Why Fraudsters Should Applaud the SEC
Mary Jo White began her tenure as chairman of the Securities and Exchange Commission this year with a promise: The agency would require more fraudsters to confess what they did, as opposed to the SEC’s usual practice of letting them pay fines without admitting anything.
Judging from the case of Ebrahim Shabudin, the fulfillment of that pledge is off to a poor start.
Shabudin, 65, is one of the few high-ranking bankers to be indicted over conduct related to the financial crisis. The San Francisco lender where he served as chief operating officer and chief credit officer, United Commercial Bank, failed in 2009, costing the Federal Deposit Insurance Corp. about $1.2 billion. Shabudin held the same positions at the bank’s publicly traded parent company, UCBH Holdings Inc. The government says he and other senior executives deliberately delayed recognizing loan losses.
Before it filed for bankruptcy, UCBH received almost $300 million in bailout cash from the Treasury Department’s Troubled Asset Relief Program -- all of which was lost. In 2011, a federal grand jury in San Francisco indicted Shabudin on charges of fraud, conspiracy, falsifying records and lying to the company’s auditor, KPMG LLP. He and a co-defendant have pleaded not guilty, and prosecutors are on track to bring the criminal case to trial.
The SEC, however, isn’t waiting to see if the criminal charges stick. Instead, in a settlement last month that went largely unnoticed, it allowed Shabudin to pay a $175,000 fine without admitting or denying its civil claims, which make essentially the same allegations as the criminal charges. He also was barred from serving as an officer or director of a public company, although there isn’t much risk that anyone would hire him as one now.
This would seem like exactly the sort of case White was talking about when she first described the agency’s policy change. The story has everything: big losses for investors and taxpayers, plus accusations of accounting fraud.
“There may be particular individuals or institutions where it is very important it be a matter of public record that they acknowledge their wrongdoing, and if not you go to trial,” White said in June when she described the policy shift. Factors would include the amount of harm done to investors and how egregious the fraud was, she said.
Yet the SEC isn’t going to trial against Shabudin, even though the standard of proof for its claims -- a preponderance of the evidence -- is lower than that for criminal charges, which must be proved beyond a reasonable doubt. Shabudin is entitled to a presumption of innocence, of course, especially now that the SEC has let him go without copping to anything.
If there were good reasons for the no-admit approach, the SEC isn’t saying what they were. The lead attorney on the case, Lloyd Farnham of the SEC’s San Francisco office, declined to comment on the settlement. So did John Nester, an SEC spokesman in Washington. An attorney for Shabudin, James Lassart of the San Francisco law firm Murphy Pearson Bradley & Feeney, didn’t return phone calls.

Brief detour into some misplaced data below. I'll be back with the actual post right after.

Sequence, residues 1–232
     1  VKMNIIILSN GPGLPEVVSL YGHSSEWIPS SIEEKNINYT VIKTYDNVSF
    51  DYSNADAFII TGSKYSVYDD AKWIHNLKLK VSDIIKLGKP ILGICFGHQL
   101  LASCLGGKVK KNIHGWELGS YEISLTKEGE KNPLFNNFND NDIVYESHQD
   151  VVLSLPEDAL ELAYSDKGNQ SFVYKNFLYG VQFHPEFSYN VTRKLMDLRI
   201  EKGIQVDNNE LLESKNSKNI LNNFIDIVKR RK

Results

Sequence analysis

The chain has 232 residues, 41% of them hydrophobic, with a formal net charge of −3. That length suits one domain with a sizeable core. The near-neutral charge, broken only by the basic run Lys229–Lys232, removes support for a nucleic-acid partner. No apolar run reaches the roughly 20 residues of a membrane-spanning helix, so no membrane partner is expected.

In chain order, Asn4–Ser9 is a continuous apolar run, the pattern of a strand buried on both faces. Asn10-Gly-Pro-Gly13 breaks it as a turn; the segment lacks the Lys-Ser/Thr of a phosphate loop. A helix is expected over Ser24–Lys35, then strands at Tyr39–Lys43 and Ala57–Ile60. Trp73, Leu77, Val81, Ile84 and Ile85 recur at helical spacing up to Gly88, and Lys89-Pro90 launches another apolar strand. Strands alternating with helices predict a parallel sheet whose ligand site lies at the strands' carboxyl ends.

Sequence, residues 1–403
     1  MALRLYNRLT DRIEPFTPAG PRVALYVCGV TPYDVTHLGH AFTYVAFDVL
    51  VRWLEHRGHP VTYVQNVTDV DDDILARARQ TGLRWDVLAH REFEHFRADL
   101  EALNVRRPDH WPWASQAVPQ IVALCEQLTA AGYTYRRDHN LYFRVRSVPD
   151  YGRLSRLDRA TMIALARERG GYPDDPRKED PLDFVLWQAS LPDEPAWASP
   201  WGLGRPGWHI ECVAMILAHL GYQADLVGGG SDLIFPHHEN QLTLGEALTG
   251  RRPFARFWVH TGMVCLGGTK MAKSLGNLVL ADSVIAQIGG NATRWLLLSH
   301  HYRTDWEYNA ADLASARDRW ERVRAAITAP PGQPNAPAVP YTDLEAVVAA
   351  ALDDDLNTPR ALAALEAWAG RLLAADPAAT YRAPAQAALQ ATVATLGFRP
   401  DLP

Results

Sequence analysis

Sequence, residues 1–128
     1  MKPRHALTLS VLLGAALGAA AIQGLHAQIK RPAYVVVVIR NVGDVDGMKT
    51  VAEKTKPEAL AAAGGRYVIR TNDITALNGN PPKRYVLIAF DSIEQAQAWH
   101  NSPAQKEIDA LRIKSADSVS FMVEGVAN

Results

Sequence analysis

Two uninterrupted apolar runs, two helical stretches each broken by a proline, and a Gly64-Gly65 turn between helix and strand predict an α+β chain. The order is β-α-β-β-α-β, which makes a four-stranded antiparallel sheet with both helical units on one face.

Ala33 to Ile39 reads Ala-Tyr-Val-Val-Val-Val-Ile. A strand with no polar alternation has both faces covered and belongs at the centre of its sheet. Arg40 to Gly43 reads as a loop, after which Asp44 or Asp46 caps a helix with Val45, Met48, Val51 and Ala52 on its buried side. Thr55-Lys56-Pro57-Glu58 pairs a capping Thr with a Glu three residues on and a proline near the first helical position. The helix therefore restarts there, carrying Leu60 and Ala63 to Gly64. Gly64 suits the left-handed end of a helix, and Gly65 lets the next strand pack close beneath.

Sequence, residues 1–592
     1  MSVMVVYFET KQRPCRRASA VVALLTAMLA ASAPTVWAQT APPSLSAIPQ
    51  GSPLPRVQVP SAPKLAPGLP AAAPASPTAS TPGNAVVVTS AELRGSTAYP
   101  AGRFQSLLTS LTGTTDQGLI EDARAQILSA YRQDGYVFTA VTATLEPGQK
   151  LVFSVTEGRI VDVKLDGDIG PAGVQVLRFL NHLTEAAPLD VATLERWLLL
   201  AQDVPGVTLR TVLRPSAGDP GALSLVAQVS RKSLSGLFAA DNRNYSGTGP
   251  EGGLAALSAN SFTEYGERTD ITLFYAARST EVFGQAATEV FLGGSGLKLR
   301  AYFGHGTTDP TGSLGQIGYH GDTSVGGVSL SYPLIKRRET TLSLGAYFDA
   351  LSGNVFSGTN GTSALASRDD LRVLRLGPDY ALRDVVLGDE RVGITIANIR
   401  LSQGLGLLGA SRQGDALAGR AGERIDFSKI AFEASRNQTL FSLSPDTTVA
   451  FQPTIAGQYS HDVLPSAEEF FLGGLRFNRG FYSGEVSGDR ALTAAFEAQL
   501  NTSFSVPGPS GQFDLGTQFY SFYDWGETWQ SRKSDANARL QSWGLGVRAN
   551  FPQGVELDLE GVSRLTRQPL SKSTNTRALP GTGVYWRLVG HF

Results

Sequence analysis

White and her staff made a big to-do in June when they unveiled their policy shift, and so did the financial press. The SEC has been catching flak over its no-admit deals for many years, notably from U.S. District Judge Jed Rakoff of Manhattan. So far, the new tactic has been unsatisfying. Rather than showing a commitment to be tough, it has put a spotlight on the SEC’s extreme reluctance to ever insist on admissions of liability.
In its first major settlement testing the new approach, the SEC last month required hedge-fund manager Philip Falcone to admit to a long list of facts. He agreed, for instance, that he “improperly borrowed $113.2 million” at an unusually low interest rate from one of his hedge funds to pay personal tax bills, then didn’t disclose the loan to investors for about five months. He also admitted to acting “recklessly.” He and his firm also agreed to pay more than $18 million.
Yet Falcone didn’t have to admit liability for violations of any specific rules or laws. Nor was he barred from being an officer or director of a public company -- which is how he was able to stay on as chairman and chief executive officer of Harbinger Group Inc. (HRG), even though he was banned from the securities industry for five years. The SEC in its news release said Falcone admitted “wrongdoing,” a term that has no particular meaning.
So see if this makes sense to you. Falcone, who hasn’t been accused of any crimes, was required to acknowledge a bunch of awful facts without admitting legal liability. Yet Shabudin, who was charged criminally over a bank collapse that cost taxpayers hundreds of millions of dollars, was allowed to cut a deal with the SEC without admitting anything at all. Here’s how to describe this newfangled policy in two words: ad hoc.
(Jonathan Weil is a Bloomberg View columnist.)
To contact the editor responsible for this article: Mark Whitehouse at email@example.com.